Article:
Hey All of you YA Lovers Around the Globe ~

As you may have picked up on, YA or Young Adult Books & it’s readers & writers & communities—are spinning webs around the world connecting us in new ways. As a way to appreciate that, I’ve asked some International and American authors to share what that means to them. This week and next will be filled with their responses! We would love to hear YOUR responses too! Either comment below or send me your response on my contact page. Read the original Global YA post here.

Today we have TWO YA authors sharing with us today!

First is the brilliant, continent-hopping author, Carlie Sorosiak. Her first book, If Birds Fly Back, came out earlier this year and her second book, Wild Blue Wonder will come out in 2018.

So, Carlie, What does Global YA mean to you?

Global YA offers a chance for readers to engage with other cultures and perspectives, which builds empathy and understanding. A book that immediately pops into mind for me is Zana Fraillon’s The Bone Sparrow; it’s set in an incredibly bleak Australian refugee detention center, and I think it’s a tremendously important read.


Want to connect with Carlie and know more about her books? Or perhaps which continents she’s been hopping? Try her on twitter Or her website or even on NanoWrimo (where I met her!). She’s super friendly and loves engaging people!




Our second Global YA author is world traveler and Third Culture Kid, Tara Lundmark, who spins immensely creative and intense stories and is currently querying her latest novel.


One of the hardest questions for me to answer is, “Where are you from?” I spent my entire childhood moving from country to country. I was born in the US to American parents. Blonde hair, blue eyes. But I spent most of my early life Mexico, Guatemala, Spain and Bolivia. I was three when I learned to speak Spanish fluently. I attended international schools. My best friends were from Mexico, Taiwan, Pakistan, Jordan, Greece, and Bolivia.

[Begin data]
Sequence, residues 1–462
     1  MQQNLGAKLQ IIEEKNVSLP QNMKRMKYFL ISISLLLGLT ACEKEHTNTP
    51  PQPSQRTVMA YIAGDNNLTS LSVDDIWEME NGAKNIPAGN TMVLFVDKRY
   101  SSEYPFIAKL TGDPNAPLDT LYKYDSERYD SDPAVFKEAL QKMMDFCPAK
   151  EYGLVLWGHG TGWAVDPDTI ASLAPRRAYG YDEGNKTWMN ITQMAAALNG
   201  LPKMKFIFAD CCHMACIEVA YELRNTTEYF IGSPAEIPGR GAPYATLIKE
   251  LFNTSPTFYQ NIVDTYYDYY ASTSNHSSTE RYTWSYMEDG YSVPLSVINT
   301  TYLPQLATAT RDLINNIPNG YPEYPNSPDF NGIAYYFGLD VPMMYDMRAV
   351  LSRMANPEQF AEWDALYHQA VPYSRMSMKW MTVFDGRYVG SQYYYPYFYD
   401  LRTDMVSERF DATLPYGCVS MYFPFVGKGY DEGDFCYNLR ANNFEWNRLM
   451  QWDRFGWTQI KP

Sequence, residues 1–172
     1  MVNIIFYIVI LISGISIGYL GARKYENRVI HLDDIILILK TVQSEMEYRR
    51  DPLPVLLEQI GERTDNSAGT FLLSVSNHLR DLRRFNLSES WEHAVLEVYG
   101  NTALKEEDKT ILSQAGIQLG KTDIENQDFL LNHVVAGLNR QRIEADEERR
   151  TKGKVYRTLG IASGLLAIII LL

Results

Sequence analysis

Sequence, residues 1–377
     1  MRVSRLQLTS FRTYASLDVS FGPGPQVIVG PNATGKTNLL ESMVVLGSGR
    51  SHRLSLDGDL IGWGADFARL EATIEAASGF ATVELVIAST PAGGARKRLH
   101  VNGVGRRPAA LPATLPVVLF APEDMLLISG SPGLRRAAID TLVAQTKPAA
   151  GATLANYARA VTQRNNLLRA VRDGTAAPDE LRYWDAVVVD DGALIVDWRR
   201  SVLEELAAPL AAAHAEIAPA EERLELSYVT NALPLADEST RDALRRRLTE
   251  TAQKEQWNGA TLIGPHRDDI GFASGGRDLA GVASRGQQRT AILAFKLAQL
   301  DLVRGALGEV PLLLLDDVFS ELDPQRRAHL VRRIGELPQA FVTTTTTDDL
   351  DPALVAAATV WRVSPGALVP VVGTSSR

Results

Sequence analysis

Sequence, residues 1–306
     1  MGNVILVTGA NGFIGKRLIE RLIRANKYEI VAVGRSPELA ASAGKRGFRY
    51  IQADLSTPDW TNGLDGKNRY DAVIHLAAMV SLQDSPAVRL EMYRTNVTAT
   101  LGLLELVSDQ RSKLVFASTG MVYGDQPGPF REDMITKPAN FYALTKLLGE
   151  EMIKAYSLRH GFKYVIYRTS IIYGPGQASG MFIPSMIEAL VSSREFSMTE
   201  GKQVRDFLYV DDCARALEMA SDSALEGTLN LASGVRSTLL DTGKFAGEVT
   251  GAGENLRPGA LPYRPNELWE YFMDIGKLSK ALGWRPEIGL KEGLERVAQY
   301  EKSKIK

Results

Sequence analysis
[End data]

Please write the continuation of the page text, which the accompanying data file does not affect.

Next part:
I was always different—in looks and culture—from most of the kids I spent time with. But when we went “home” to the U.S. during the summer, I felt even more different. People didn’t understand me. Sure, I spoke English, but I didn’t fit their mold. Unless they got on a plane and experienced what I had themselves, they found it difficult to relate to me. And mutual understanding goes deeper than just foreign countries or different languages. It’s often hard to understand people who live in our same city who hold different religious beliefs, economic, or racial backgrounds.

As our global village grows closer together, it’s more important than ever to foster understanding with each other, and books—particularly diverse fiction—is one way to achieve that. The magic of storytelling from an own voices point of view can really place the reader in the characters’ shoes. Short of actually living someone else’s life, story-telling is the most effective and most accessible way to gain the understanding and magic that comes when a young reader realizes that we are all more similar than we are different. We share hopes and dreams and loves and fears. We are all beautiful and individual pieces in a stunning mosaic that is our earth.

Connect with this incredible global dreamer here and learn more about her life and novels.

YOU NEXT: What does Global YA mean to you?

Where and what are you reading or writing?





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